Let Correct Principles, not Emotion, Govern Your Actions

Sometimes in life you meet people who change your life. Sometimes it is because of the actions of that person, sometimes it is because of something they teach you, and at other times it is because of the example they set.  It is rare in my opinion that you meet someone who influences you for the positive in all three.

I know such a man.  He is the man who is serving as Stake President in our area (for the few readers who don’t know what a Stake Presiedent is; He is the religious leader of roughly 8-9 separate congregations in an LDS Church area).  As you would expect some of the best men serve as Stake President.  But usually my experience they touch my life only on one or two of these aspects.

Today I would like to talk about something this Stake President taught me. Interestingly, his teaching was done in passing and not in a direct lesson.  For me, that means that this isn’t just something he teaches, but rather something he lives.

At the end of almost every email that this Stake President sends he includes as part of his signature the phrase “Let correct principles, not emotion, govern thine behavior.” As far as I know this isn’t a quote from another church leader; it isn’t a quote from scripture.  But rather, this is his personal motto on how he seeks to govern his life, and it shows.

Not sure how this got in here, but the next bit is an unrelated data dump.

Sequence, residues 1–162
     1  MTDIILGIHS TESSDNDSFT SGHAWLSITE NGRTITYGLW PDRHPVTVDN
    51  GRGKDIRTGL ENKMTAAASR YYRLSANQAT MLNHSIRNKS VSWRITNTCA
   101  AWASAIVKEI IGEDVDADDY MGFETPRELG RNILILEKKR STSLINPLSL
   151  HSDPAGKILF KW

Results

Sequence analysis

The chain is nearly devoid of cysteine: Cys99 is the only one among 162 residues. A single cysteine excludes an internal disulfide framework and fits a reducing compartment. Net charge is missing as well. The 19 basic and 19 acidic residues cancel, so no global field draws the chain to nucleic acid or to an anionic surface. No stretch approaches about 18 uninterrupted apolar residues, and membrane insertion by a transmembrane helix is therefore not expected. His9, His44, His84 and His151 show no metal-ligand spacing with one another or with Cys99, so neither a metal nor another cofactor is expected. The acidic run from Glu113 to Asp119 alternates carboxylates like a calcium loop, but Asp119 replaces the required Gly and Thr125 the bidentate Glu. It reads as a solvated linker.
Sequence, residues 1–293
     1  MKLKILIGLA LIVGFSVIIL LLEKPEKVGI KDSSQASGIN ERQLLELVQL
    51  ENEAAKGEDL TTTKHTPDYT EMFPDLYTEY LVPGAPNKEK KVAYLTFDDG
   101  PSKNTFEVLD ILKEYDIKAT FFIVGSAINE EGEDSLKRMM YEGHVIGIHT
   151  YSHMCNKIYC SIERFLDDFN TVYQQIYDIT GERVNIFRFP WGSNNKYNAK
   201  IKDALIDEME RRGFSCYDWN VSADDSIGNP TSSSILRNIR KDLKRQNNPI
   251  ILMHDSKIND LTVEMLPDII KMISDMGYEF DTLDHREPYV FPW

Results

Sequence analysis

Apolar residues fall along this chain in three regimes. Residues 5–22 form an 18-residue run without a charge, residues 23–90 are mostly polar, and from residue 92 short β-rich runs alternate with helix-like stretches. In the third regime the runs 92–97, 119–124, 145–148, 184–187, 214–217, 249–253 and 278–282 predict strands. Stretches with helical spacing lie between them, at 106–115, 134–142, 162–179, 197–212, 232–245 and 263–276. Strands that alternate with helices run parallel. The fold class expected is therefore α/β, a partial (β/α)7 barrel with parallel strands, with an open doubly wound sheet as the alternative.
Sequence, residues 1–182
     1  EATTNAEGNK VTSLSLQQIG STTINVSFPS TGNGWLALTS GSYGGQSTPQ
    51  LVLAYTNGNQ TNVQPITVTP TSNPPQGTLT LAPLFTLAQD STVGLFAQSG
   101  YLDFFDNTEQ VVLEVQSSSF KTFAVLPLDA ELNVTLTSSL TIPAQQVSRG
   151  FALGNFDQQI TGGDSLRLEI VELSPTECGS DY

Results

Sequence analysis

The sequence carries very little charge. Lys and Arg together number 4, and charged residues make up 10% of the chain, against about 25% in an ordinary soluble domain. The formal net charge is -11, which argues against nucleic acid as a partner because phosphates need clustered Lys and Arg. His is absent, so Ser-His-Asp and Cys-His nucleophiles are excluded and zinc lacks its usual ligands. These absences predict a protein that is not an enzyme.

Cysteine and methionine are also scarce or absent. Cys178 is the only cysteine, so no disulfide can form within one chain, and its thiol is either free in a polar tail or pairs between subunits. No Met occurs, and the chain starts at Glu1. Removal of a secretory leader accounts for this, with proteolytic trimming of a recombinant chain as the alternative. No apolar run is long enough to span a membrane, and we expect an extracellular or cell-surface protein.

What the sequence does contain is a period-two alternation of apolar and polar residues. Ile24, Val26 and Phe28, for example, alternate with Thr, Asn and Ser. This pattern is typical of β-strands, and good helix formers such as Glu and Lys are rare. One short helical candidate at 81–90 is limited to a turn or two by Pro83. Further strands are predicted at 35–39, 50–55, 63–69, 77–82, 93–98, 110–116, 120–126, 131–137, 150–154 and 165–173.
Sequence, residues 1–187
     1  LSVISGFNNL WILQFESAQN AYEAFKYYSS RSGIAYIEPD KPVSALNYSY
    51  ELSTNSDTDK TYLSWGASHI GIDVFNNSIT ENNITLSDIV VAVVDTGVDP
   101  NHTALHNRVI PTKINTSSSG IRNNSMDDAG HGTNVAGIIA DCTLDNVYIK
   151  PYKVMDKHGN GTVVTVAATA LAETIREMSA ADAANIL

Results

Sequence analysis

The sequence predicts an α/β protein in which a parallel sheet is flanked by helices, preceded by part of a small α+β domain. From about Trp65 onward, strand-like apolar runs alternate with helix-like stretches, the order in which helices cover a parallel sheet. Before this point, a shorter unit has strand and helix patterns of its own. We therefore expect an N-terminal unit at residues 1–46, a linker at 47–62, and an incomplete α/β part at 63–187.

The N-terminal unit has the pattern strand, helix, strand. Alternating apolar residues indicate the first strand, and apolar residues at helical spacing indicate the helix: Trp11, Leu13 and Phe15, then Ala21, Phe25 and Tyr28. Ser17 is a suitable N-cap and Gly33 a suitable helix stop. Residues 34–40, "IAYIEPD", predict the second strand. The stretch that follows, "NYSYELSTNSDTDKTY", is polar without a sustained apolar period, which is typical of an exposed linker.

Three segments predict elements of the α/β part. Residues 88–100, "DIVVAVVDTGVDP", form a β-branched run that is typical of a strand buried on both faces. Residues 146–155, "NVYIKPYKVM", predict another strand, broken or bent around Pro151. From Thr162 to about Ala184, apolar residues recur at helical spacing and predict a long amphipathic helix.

When taken in a religious context, this quote can be helpful for someone, especially in times of a crisis.  One may be tempted to succumb to a temptation.  But if this quote were remembered in the time of the temptation it could give encouragement for the right decision to be made.

And while I certainly accept it as a religious inspiration, I often find that great truths speak to more than just one area of our lives.  I love this quote as it relates to government.  That is why I have changed the quote slightly for the title of this post, because I am intrigued by how it does apply to politics.

Radio talk show host Dennis Prager is known for saying that liberals often vote with their hearts, while conservatives vote with their minds.  Thus, liberal-minded individuals put emotion before principle.  For example, in an attempt to care for the poor, the liberal will vote for a new government program that they feel will help the poor.  And thus, they can have a good feeling about helping out the poor.

However, the conservative is mindful that not all programs accomplish what they intend.  The conservative will also accept old anecdote that you can “give a man a fish you feed him for a day, but if you teach him how to fish you will feed him for a lifetime.” Thus, they will allow the principle that improving the life of the needy is better than providing for them to make yourself feel better.

I love this truth as taught by a Stake President.  I love it from a spiritual perspective.  I also love it from a political perspective.  I look forward to greater understanding of this truth in other aspects of my life as well. I have adopted it as another in the list of personal philosophies for my life.

So, What do you think?